Thursday, 5 November 2015

Doomsday Book (2012)

This South Korean production is actually an anthology of three short films.  Not in a Pulp Fiction "we've got several more or less standalone narratives that nonetheless intertwine with each other", but in a straight up "hey here are three short films that we've stuck on one DVD".  There are no shared characters and the events of each film are basically incompatible with those of the others so you can't even imagine them as sharing a world.  They do have a thematic link - they all deal with situations which may mean the end of humanity as we know it (though they're wildly different in their details) - but each is a self-contained unit.  There isn't even a framing narrative for them.

With that in mind, I'm going to judge this "film" based on its constituent parts, rather than as a whole package.

'A Brave New World' is a zombie contagion scenario where the gimmick is that it's told from the perspective of the first people to become infected, rather than from that of survivors attempting to remain alive.  It's considerably stronger at the start than at the end.  This is a common trait of all three films to some extent, but it is most pronounced here.  A quick warning: this film contains graphic abattoir scenes.

'The Heavenly Creature' examines the question of 'what if a machine became self-aware?" through a Buddhist lens.  It's the most effects-heavy section of the film, since it features a humanoid robot as a major character, but it is definitely not a spectacle-based film.  The effects are frequent but low-key and prosaic, and the focus is very much on the philosophical ramifications of the situation: what does it mean for humanity as a whole and Buddhists in particular if a machine can think like we do?  It's definitely a section of the film I can see myself re-watching one day to try and unpack everything it is saying.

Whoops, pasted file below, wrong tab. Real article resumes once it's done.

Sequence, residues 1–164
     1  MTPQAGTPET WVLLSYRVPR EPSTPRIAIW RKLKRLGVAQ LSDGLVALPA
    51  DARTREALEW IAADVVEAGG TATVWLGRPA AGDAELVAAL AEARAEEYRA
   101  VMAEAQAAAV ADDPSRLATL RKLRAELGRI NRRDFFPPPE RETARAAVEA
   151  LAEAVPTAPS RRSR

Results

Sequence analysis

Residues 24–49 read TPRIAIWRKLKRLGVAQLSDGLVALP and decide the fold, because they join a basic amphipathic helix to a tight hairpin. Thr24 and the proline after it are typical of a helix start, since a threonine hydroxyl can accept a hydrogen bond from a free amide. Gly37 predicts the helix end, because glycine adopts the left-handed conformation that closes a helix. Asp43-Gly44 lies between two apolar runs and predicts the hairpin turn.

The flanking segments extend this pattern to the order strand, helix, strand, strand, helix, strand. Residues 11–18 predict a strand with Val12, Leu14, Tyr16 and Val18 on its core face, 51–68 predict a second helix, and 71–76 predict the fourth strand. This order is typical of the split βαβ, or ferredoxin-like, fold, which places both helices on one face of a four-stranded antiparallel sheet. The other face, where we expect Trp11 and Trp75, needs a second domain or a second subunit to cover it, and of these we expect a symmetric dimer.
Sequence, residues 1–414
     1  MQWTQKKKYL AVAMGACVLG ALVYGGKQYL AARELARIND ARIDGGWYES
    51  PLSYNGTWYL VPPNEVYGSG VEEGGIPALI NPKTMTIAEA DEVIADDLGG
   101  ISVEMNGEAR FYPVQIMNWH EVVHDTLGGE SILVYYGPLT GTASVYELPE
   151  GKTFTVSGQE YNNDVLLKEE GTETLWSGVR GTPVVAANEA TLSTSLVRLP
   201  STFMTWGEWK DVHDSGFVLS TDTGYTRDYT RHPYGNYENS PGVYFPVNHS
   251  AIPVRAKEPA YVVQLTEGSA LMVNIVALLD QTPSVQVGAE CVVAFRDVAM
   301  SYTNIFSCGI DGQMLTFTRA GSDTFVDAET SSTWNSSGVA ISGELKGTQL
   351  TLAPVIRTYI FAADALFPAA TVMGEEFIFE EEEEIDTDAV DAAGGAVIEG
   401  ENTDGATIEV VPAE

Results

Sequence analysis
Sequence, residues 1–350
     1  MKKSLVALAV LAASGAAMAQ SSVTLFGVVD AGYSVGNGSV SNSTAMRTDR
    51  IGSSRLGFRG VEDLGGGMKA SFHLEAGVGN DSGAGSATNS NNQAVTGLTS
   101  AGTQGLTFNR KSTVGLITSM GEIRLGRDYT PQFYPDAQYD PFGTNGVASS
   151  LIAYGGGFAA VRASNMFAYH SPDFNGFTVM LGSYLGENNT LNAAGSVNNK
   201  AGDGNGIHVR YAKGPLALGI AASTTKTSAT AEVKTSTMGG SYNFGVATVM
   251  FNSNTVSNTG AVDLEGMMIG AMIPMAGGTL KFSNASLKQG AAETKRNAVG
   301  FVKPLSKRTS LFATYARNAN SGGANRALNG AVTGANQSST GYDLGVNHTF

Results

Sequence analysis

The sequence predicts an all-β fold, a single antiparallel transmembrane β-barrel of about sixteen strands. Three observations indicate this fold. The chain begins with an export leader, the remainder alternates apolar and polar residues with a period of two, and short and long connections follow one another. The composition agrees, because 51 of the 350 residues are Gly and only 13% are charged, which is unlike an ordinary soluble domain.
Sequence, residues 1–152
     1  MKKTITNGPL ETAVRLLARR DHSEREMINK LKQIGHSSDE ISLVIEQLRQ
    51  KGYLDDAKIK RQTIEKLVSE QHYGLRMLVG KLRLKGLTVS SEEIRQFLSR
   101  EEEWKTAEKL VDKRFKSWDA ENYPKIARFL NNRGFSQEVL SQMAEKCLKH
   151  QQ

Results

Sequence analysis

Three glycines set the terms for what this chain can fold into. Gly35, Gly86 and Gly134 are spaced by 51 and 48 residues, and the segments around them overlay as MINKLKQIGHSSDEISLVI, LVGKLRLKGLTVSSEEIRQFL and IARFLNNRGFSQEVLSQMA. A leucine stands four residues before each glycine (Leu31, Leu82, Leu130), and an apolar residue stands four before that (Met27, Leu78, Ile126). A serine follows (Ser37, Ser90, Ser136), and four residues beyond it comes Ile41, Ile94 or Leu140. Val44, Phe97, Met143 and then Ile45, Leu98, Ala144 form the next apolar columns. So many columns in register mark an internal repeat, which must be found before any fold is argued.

Finally we have 'Happy Birthday', in which a 10-kilometer wide asteroid is 12 hours from a cataclysmic collision with Earth.  Despite the apocalyptic scenario, it's actually the funniest of the three films; albeit in a rather "gallows humour" kind of way; both in terms of why disaster is looming and in terms of how people respond to it.

While I don't think that any of these films is an automatic "home run" in its own right, I do appreciate that all three try to do something more than just "action films with aliens" (and I say that as someone who thoroughly enjoys action films with aliens).  If you want some SF that's not from the Space Opera playbook, you might like it.

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